Education Policy of India: Why Do You Send Your Child to School?
स्कूल की बिल्डिंग स्कूल नहीं है। स्कूल का अर्थ तो स्कूल की पढ़ाई है, जो किसी स्कूल में नहीं हो रही। ~ Rakesh Raman
The Ministry of Human Resource Development (HRD), Government of India, has released the outlines of the government’s Draft National Education Policy, 2016.
Released in the last week of June 2016 on the government’s website, the 43-page document underlines the challenges in the Indian education system and attempts to provide a framework for the development of education over the coming few years.
The government document has highlighted so many flaws in the existing education ecosystem of India that it appears educational institutions are mere stone buildings where no education is happening.
And after reading the government document which underlines the poor quality of teachers and teaching methods at all levels, all wise parents would wonder why they are sending their children to schools, colleges, and universities.
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The last National Education Policy was made in 1986 with some subsequent tweaks in the early 1990s. So, this is the first major attempt by the Indian government in the last three decades to make a new education framework to provide the right education to the students in India. While it is a comprehensive document, here are some excerpts from it.
Challenges in the Education Systems
The National Education Policy, 2016 finds the following challenges in the education systems of all levels in India:
- Participation in preschool education remains low
- Large numbers of children leave the school before completing elementary education
- Dropout rates in secondary education continue to be high, especially for socially and economically disadvantaged groups of learners
- Slow progress in reducing the number of non-literates
- Poor quality of education resulting in unsatisfactory learning outcomes
- Quality-related deficiencies include inappropriate curriculum (syllabus), lack of trained educators (teachers), and ineffective pedagogy (method of teaching)
- Majority of preschool educators are inadequately trained
- Unsatisfactory level of student learning
- Poor quality of learning at the primary and upper primary stages affects student learning at the secondary stage
- Poor quality of learning at the secondary stage spills over to the college and university years, leading to poor learning outcomes in the higher education sector
[ क्या आप भी अपने बच्चों की पढ़ाई को लेकर परेशान हैं? ]
Unsatisfactory Quality of School Education
According to the government document, several factors have contributed to unsatisfactory quality of school education. These are:
- Student and teacher absenteeism
- Serious gaps in teacher motivation and training, resulting in deficiencies related to teacher quality and performance
- Slow progress in the use of information and communication technologies (ICTs) in education
- Inadequate attention to monitoring and supervision of performance
- Many private schools lack the required infrastructure, learning environment, and competent teachers
- The current teacher education and training programmes are inappropriate
- Commercialisation is rampant both in school and higher education sectors as reflected in the charges levied for admissions in private educational institutions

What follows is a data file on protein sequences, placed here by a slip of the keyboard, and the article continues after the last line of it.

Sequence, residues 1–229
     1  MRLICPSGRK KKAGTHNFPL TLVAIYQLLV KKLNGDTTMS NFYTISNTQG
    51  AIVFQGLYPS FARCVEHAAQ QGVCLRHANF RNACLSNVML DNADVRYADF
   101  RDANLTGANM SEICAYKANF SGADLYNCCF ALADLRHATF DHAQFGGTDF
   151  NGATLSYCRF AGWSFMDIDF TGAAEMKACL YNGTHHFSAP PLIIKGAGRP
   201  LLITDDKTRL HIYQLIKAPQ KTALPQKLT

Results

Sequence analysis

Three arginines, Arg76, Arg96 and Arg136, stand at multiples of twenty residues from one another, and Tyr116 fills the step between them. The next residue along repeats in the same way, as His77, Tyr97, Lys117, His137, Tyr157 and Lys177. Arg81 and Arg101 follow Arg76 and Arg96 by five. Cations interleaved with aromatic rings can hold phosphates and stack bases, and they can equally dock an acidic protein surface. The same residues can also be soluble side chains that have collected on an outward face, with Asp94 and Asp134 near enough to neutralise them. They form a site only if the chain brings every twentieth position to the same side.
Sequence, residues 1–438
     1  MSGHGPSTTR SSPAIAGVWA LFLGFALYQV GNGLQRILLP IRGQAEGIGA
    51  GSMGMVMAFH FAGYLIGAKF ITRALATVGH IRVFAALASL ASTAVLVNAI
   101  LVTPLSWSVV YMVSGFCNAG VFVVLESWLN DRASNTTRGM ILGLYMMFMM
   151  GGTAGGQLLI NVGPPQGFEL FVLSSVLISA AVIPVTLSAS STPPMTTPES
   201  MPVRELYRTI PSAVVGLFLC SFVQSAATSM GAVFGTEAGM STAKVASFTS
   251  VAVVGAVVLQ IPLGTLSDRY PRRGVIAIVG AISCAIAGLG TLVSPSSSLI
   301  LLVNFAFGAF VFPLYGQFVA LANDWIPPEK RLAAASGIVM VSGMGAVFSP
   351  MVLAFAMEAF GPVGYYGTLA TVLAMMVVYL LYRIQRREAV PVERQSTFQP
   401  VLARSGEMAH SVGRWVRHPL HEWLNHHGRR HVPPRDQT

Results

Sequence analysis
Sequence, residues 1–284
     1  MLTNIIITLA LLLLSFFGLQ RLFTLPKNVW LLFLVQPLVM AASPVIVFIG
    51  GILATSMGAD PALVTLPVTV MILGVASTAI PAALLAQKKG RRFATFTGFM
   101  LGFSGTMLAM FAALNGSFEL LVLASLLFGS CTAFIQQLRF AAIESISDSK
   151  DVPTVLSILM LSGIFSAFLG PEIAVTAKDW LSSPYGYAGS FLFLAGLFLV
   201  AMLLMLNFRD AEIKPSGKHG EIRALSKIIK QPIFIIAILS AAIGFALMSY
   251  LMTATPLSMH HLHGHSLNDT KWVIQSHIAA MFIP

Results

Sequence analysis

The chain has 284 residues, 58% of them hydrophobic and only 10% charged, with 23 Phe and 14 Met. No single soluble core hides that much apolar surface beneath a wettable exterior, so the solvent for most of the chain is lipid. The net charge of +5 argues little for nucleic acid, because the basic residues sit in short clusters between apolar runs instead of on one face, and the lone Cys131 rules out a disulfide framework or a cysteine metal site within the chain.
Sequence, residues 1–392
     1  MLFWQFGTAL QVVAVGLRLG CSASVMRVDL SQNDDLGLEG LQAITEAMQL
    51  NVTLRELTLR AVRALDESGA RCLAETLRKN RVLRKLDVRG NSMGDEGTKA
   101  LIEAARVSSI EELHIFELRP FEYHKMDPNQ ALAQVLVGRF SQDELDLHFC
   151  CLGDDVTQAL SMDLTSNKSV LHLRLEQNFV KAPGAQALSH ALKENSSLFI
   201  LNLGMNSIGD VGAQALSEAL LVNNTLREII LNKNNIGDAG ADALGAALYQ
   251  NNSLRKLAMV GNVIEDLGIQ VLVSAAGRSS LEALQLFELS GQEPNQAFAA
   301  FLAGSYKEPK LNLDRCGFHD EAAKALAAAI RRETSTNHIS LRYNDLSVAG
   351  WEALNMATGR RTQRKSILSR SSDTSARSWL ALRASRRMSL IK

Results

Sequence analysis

- The proliferation of sub-standard educational institutions has contributed to the diminished credibility of the education system
The government policy document also reports that:
- Most of the products (students) of the education system lack employable skills
- The utility of higher education in assuring employment remains questionable
- Many graduate and postgraduate students do not get jobs in their respective fields
Focus of the Policy
The National Education Policy, 2016 focuses on:
- Producing students / graduates equipped with the knowledge, skills, attitudes, and values to meet the requirements of the knowledge‐based societies
- Improving the quality of education at all levels
- Ensuring quality education for all – children, youth, and adults
- Fostering quality education with a strong focus on reforms related to curricula, learning materials, pedagogic processes, learning assessment, teacher quality and performance
- Promoting acquisition of relevant skills, including technical and vocational skills, for work and entrepreneurship
- Replacing students’ rote learning with creative and innovative thinking and communication abilities
- Ensuring integration of information and communication technologies (ICTs) in education
- Ensuring that the systems of teacher development and management are reformed to ensure adequate supply of qualified and competent teachers
According to the government, existing initiatives will be strengthened and curricula revamped with multi-pronged strategies involving Self Help Groups, Non-Governmental Organisations (NGOs), educational institutions, youth and women’s organisations for achieving universal youth and adult literacy.
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The government plans to take steps to raise the investment in education sector to at least 6% of the country’s GDP (gross domestic product).
You can see the Draft National Education Policy (NEP), 2016 document here.
The government invites views and suggestions from citizens to make the final education policy. The last date for sharing inputs on the Draft National Education Policy is 31st July, 2016.
By Rakesh Raman, who is a government award-winning journalist and runs free schools for deserving children under his NGO – RMN Foundation.